THOUGH the Moors were always hated in Spain, first as a conquering and afterwards as a conquered race, yet many poetical traces of their traditions and maxims remain in the popular literature of the country; and in some of these they appear in a very advantageous light, though, of course, the national hatred loved rather to record those of a contrary import.
Issy-ben-Aran was a venerable muleteer, well-known in all the towns of Granada for his worth and integrity--an elder and a father among his tribe.
One day, as he was journeying over a wild and sequestered track of the Sierra Nevada, he heard a cry of pain proceeding from the road-side. The good old man immediately turned back to render help to the unfortunate. He found a young man lying among the sharp points of an aloe hedge, groaning as if at the last gasp.
"What ails thee? Son, speak," said Issy-ben-Aran.
"I was journeying along the road, father, an hour agone, as full of health as you may be, when I was set upon by six robbers, who knocked me off my mule, and not satisfied with carrying off all I possessed in the world, beat me till they thought I was dead, and then flung my body into this aloe hedge."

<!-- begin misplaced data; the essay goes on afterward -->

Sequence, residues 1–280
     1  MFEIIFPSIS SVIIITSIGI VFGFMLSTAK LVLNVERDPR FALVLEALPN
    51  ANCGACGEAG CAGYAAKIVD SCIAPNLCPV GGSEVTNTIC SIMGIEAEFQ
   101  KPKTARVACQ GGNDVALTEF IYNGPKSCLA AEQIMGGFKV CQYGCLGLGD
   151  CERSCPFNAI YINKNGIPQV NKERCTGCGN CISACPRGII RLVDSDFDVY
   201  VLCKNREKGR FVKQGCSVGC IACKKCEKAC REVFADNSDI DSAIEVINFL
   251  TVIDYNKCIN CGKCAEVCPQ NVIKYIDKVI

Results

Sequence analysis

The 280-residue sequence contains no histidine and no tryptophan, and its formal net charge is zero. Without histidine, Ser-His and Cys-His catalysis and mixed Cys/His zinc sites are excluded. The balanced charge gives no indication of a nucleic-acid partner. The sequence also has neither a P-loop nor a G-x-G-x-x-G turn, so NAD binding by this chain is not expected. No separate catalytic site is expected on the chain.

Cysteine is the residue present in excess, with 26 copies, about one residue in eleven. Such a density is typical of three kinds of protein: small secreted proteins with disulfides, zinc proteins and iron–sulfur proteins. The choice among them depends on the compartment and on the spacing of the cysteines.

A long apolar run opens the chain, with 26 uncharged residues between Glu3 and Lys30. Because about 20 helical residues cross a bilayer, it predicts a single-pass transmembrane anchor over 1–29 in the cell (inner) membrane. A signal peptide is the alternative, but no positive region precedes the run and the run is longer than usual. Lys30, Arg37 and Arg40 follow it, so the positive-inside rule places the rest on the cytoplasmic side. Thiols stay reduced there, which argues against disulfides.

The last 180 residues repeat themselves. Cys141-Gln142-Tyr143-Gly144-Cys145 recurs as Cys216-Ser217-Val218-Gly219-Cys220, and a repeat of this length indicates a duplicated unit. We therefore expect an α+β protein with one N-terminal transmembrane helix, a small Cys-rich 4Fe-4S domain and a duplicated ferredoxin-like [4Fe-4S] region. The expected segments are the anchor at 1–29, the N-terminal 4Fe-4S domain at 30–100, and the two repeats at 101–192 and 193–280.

Issy-ben-Aran gave him a draught of water from his own bota  and bound his head with linen cloths steeped in fresh water, then he set him on his own beast to carry him at a gentle pace to the nearest town and further care for him, with great strain of his feeble arms lifting him tenderly into the saddle.
No sooner was the stranger well mounted, with his feet firmly set in the stirrups, than, drawing himself up with no further appearance of weakness, he dug his heels into the horse's side, and setting up a loud laugh, started off at a rapid gallop.
Issy-ben-Aran, to whom every stone of the road was known as the lines upon his right hand, immediately scrambled down the mountain-side, so as to confront the stranger at the turning of the road.
"Hold!" he cried. And the nag, who loved his master well, stood still and refused to move for all the stranger's urging.
"Son! think not I am come to reproach you," said the old man. "If you desire the horse, even take it at a gift; you shall not burden your conscience with a theft on my account."
"Thank you!" scoffed the heartless stranger. "It is fine to make a merit of necessity; but I have nothing to do but ride to the nearest town, and sell the brute."
"Beware! and do it not," said the old man. "The nag of Issy-ben-Aran is known at every market in the kingdom, and any man of all our tribes who frequents them, finding you with him, will reckon you have killed me, and slay you in turn. Even for this have I come to you: take this scroll to show that you have it of me as a free gift, and so no harm shall come to you.
"Only one condition I exact. Bind yourself to me, that you tell no man of what has passed between us; lest peradventure, should it become known, a man hearing his brother cry out in distress might say, 'This man is feigning, that he may take my horse like the horse of Issy-ben-Aran,' and the man who is really in danger be thus left to perish miserably."